By Nick Faggio
The prolific scoring inside the NBA bubble has headlined much of the league’s restart. What has not been headlined as much? The under-the-radar players quietly raising their stock. Many lesser-known players around the league have increased their value inside the bubble—let’s explore some of those guys.
Gary Trent Jr., G, Portland Trail Blazers
During Gary Trent Jr.’s rookie campaign last season, he averaged just 2.7 points and was regarded as a developmental piece for the Blazers. Even before the bubble, Trent Jr. was an afterthought of standout Trailblazers. A second round pick drafted by the Kings, Trent Jr. was not even Portland’s selection!
Now the Duke alum has put the whole league on notice, and emerged as one of the most surprising bubble players. In the Blazers’ first five bubble games,, Trent Jr. scored 17, 21, 16, 27, and 22 points. Trent Jr. has become one of the key pieces in Portland’s playoff run, and he has done it with his knockdown three-point shooting. Although Trent Jr.’s last two games he has shot 2-12 from downtown, prior to those he was shooting 62% from the 3-point line. Trent Jr. has become the Blazers’ fourth-leading scorer, and. has given the Blazers the bench production required for a potential playoff run. Many Blazers fans were excited about Anfernee Simons’ potential, but Trent Jr. has stolen the show.
The second-year player has displayed some newfound swagger to match his play. Cameras caught him exchanging words and jawing at Paul George during Portland’s 122-117 loss to the Clippers, in which Trent Jr. scored 22 points on 6-10 from beyond the arc.
Gary Trent Jr. has been playing great, and could be one of the reasons Portland makes the playoffs. His steady shooting and stellar defensive presence on the wing could help lead the Blazers to a first-round upset of the Los Angeles Lakers.
Troy Brown Jr., G/F, Washington Wizards
While the Wizards have been nothing close to competitive in the bubble, the emergence of Troy Brown Jr. has been Washington’s most captivating storyline. Over eight bubble games, Troy Brown Jr. averaged 15.3 points, 7.3 rebounds, and 4.5 assists across multiple breakout performances, much improved from his pre-bubble stats of 9.7/5.3/2.3. The Oregon product also recorded seven steals over his last three games. Washington’s 1-7 record pushes the “good player on a bad team” narrative, but when Ish Smith is your starting point guard, there are only so many ways to win.
Troy Brown Jr. has earned himself increased touches, especially for a Washington team without entrenched starting forwards. The 15th pick in the 2018 draft has flown under the radar for potential bubble breakout players, but he increased his value exponentially in his sophomore season.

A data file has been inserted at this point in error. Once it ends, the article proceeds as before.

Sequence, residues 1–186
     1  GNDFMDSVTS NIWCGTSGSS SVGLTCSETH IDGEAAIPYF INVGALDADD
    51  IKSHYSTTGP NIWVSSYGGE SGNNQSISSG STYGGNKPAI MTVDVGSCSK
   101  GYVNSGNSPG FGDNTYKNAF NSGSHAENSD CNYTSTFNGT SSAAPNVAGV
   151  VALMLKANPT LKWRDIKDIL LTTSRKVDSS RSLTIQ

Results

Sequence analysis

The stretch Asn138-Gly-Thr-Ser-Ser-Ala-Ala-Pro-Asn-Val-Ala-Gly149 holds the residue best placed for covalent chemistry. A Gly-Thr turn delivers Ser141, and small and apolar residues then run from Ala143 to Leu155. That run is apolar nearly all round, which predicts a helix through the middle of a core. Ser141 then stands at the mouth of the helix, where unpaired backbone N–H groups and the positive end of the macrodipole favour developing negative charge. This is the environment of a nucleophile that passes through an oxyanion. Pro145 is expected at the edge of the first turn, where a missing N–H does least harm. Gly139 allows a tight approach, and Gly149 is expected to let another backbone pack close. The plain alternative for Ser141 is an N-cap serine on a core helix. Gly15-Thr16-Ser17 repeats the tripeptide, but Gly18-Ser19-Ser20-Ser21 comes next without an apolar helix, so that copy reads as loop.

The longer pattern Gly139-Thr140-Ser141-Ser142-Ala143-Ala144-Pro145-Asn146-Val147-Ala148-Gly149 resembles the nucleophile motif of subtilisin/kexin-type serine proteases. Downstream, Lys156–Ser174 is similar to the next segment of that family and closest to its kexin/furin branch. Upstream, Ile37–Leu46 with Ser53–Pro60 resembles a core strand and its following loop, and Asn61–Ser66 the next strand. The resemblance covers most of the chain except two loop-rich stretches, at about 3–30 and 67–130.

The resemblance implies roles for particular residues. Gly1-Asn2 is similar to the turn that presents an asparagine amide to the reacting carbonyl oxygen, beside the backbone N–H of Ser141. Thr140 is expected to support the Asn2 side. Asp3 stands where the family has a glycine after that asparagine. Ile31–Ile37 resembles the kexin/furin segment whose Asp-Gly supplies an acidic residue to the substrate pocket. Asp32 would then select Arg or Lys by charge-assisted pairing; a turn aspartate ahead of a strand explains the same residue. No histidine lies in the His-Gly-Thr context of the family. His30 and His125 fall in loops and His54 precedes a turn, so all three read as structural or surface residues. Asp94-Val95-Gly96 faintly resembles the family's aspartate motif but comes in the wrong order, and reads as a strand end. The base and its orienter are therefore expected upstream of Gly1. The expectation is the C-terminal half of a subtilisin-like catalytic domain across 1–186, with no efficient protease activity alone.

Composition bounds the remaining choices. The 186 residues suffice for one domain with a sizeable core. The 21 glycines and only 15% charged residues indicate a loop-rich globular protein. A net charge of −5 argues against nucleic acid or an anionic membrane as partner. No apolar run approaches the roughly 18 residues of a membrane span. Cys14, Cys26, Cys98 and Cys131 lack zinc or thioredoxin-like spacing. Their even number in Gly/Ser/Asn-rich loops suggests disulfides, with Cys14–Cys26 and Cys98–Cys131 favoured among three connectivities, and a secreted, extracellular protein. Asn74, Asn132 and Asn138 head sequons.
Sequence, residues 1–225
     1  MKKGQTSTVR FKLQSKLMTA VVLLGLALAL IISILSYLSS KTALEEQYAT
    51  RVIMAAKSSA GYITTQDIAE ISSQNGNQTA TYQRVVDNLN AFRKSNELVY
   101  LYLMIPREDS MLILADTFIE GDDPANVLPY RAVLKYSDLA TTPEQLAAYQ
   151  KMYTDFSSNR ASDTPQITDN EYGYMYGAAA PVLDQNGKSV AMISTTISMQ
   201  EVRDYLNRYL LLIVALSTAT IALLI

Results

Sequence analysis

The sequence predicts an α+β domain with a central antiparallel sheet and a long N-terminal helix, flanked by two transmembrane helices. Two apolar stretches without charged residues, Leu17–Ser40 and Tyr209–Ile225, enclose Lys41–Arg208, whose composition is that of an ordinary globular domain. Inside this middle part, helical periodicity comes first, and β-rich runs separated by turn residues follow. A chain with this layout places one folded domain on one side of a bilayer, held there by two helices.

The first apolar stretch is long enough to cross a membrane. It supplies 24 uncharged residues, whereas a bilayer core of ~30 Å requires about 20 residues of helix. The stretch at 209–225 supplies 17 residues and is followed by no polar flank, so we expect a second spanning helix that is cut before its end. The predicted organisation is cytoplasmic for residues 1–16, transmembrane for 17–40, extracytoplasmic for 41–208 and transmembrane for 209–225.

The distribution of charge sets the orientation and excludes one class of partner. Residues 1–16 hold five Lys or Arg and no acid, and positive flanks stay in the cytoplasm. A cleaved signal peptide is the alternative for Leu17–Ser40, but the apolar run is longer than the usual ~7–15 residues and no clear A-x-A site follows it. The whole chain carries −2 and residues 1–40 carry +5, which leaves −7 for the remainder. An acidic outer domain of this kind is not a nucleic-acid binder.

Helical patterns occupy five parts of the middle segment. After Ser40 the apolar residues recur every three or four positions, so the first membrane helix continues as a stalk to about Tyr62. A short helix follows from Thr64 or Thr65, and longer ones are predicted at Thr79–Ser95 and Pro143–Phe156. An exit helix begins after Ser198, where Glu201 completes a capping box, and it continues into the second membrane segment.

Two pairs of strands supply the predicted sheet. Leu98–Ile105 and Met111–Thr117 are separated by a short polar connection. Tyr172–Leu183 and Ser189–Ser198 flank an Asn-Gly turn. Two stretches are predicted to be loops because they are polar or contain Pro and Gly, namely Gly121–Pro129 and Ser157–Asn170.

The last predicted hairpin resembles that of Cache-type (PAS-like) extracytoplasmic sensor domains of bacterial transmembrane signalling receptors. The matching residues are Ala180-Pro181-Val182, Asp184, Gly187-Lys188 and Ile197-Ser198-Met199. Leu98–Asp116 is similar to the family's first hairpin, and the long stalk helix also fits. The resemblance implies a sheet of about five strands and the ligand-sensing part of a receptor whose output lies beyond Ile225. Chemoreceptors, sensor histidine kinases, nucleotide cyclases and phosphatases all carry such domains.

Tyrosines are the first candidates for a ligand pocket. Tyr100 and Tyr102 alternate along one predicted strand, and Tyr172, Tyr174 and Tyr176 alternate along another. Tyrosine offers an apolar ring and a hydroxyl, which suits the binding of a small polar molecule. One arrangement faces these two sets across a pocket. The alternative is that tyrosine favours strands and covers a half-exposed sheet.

Chris Chiozza, G, Brooklyn Nets
When Brooklyn’s top six players were left off the bubble roster, many questioned whether or not the Nets could win a single game. To everyone’s surprise, Brooklyn went 6-2 in bubble play and secured the seventh seed in the East. Brooklyn’s surprising success was thanks to many Nets players stepping up when called upon, including Chris Chiozza.
Chris Chiozza is a second-year player, a former Florida Gator, and was relatively unknown prior to the bubble. In five bubble games in which he played 18 minutes or more, Chiozza averaged 8.2 points, 2.5 rebounds, and 5 assists, a much improved tally from Chiozza’s 0.9/ 0.6/ 0.6 rookie season numbers.
Chiozza helped lead a horrendous Nets team to a 6-2 record, including a gritty 119-116 win over Milwaukee in which Chiozza dropped a double-double en route to the upset. Chiozza is just 5-foot-11, but he uses great speed and craftiness to get his shot off over taller defenders. The former Florida Gator has made a name for himself in the bubble. Chiozza’s Isaiah Thomas-esque playstyle has reminded NBA defenses that heart over height is still a formula for success in the league.
Timothe Luwawu-Cabarrot, G/F, Brooklyn Nets
Similar to Chiozza’s case, as Brooklyn’s roster dwindled, Luwawu-Cabarrot enjoyed an uptick in minutes. Timothe Luwawu-Cabarrot, or TLC for short, has shone even brighter than Chris Chiozza. In six bubble games in which he played 20 minutes or more, TLC averaged 18.8 PPG on 47.5% shooting from the three-point line in regular season bubble play. Whether the myth of shooting being easier in the bubble is true or not, TLC’s three-point percentage is extremely impressive. In game one of the opening round of the playoffs, TLC dropped 26 points on 9-13 from the field. Against a team with the defensive prowess of Toronto, that is quite the playoff debut.
The Nets already thought highly of TLC when they signed him to a two-year deal this past offseason. Now, TLC will definitely see an increase in his minutes and touches. An extra floor spacing wing for KD and Kyrie to attack next year makes next year’s Nets that much scarier.
Chris Boucher, F/C, Toronto Raptors
Chris Boucher doesn’t get a ton of minutes, but when he plays, he puts up numbers. The rim-running forward/center has put the league on notice when Nick Nurse plays him. In bubble games where Boucher plays more than 10 minutes, he averages 15.5 points, 8.5 rebounds, and 2 blocks per game. Boucher is shooting 55% from beyond the arc, and that shooting ability serves as an extra floor-spacer for other Raptors to attack.
The Raptors are a team built on chemistry and hustle, and a versatile defender like Boucher fits perfectly with Toronto’s style of play. Nick Nurse is known to be crafty, and I would not be surprised to see Boucher getting more minutes whilst Toronto tries to take home their second consecutive championship. Perhaps Toronto will use Boucher as a secret weapon deep into the playoffs.